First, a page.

Every line item in the expense budget has been underfunded by a startup somewhere, and more than a few co-ops have tried to open without enough funds allocated to any category. While used equipment might be acceptable, your working capital is likely to get tapped for higher operating costs and repairs. Skimping on renovations and store décor saves money up front but may reduce efficiency and customer appeal. Bypassing a professional market study can save $10,000–$12,000—but it can also cost you your co-op. (This was a major contributing factor in several co-op failures.)
Unusually short or truncated development timelines
It takes a long time to organize a community to plan, capitalize, and open a new food co-op. Very few successful co-ops have done it in less than two years, and three–five-year development timelines are most common. Food Co-op Initiative has had a goal of helping to reduce the time it takes to open new co-ops by providing better training and resources to co-op organizers. Although we have seen a big improvement in the viability of many new co-ops and a less chaotic path to opening, typical timelines are still a protracted commitment for the volunteers that do most of the work.
It simply takes a long time to do everything that must be done, to recruit hundreds of owners, and to raise the necessary capital. When a co-op plans an opening after less than two years, it is important to know whether they have been exceptionally efficient or have skipped over essential development milestones.
The truncated timeline seems particularly prevalent when privately owned stores are converting to co-ops. There is often time pressure from the owners to complete the transaction and perhaps an overly optimistic assumption that a co-op can succeed where the existing business is struggling. Acquiring an operating business means that many of the organizing steps, strategic decisions, and renovations are already determined—for better or worse. Organizing community support, building membership, and raising capital still require significant time. This creates a tension that can result in co-op organizers taking shortcuts before the opportunity to acquire the business is lost.
Over-reliance on member labor
Member labor continues to be an attractive option for many new co-ops. With the promise of hands-on member engagement, lowered operating expenses, and discounts offered to attract interest in joining the co-op, it is not always apparent that member labor comes at a cost.
The arguments for and against owner-labor programs have been made many times, and this is not an attempt to bolster either side. Using member labor is not, in itself, an indication of a co-op at risk. However, when a new retail co-op makes financial projections based on a high percentage of volunteer labor, it is often indicative of an attempt to keep operating costs low enough to show viability. Retail business is difficult, competitive, and sophisticated. Over-reliance on member labor is indicated when a dependable, skilled management team is not included in the labor budget.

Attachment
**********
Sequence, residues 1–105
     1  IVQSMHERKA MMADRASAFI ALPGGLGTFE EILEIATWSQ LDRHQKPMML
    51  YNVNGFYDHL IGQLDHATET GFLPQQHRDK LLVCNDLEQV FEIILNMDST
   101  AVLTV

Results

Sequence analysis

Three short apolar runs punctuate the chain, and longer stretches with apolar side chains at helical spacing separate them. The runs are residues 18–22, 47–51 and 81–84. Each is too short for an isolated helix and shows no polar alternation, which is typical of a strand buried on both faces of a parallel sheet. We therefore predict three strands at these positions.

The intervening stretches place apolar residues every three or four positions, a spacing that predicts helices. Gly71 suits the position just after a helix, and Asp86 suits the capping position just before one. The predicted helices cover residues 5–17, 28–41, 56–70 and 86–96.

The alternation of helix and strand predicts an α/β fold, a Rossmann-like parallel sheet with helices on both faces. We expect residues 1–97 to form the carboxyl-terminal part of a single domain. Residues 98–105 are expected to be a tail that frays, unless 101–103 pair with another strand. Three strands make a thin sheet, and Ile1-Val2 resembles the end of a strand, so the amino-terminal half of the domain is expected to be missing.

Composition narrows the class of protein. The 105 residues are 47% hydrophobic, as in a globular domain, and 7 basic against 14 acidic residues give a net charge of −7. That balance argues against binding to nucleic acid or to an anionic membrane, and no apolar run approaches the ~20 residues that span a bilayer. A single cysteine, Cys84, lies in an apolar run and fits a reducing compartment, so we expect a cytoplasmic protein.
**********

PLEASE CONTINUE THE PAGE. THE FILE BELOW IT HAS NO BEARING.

Other warning signs
A store with limited hours of operation or half-empty shelves is clearly at risk and might be expected in a co-op that has run out of working capital. When a new co-op opens for business without enough capital to stock the shelves and pay staff, there is little hope of future success. These scenarios are probable outcomes of an inadequate startup budget.
Poor site selection can override all of the good organizing and business planning in the world. Sites that are too small have already been mentioned, and these are often exacerbated by other location issues such as poor visibility, difficult access, inappropriate neighbors, and inadequate parking. Finding an ideal site is often one of the most difficult tasks that founding teams must face. After a long search or lease negotiations that fall through, organizers may feel pressured to take whatever is available. As hard as it is to keep an anxious membership waiting, the best option is patience and perseverance. Co-ops that use appropriate professional support to identify potential sites and evaluate their desirability are more likely to end up with a space that supports the mission rather than hinders its success.
All of these scenarios can be characterized as inadequate business planning and execution. Most of the co-ops who succumb to these shortcuts have been advised to use more reliable approaches and warned about the risks. Why don’t they listen? Call it burnout, frustration, impatience, or expedience; the reasons almost always revolve around inability to garner sufficient community support.
Co-ops often, perhaps almost inevitably, hit a member recruitment plateau after enlisting their friends and the most fervent co-op advocates. Some organizing teams are blessed with people who have the skills, talent, and enthusiasm it takes to organize their community around the co-op’s vision. Others will struggle along, sometimes painfully, to get the job done. Ideally, these co-ops will seek training in member and community engagement or hire a project manager with these skills.
It is important to realize that a co-op is not likely to be able to generate enthusiasm for a poor business plan, regardless of how well it conducts its community outreach. Both aspects of organizing a new co-op are critically important.
Why do new co-ops fail, even when we know that shortcuts and poor business plans create undue risk? It may be that the organizers want their co-op so badly that they are willing to dismiss those risks and ignore experienced advisers, in the well-intentioned yet mistaken belief that the co-op can succeed—must succeed—because it is too important to fail.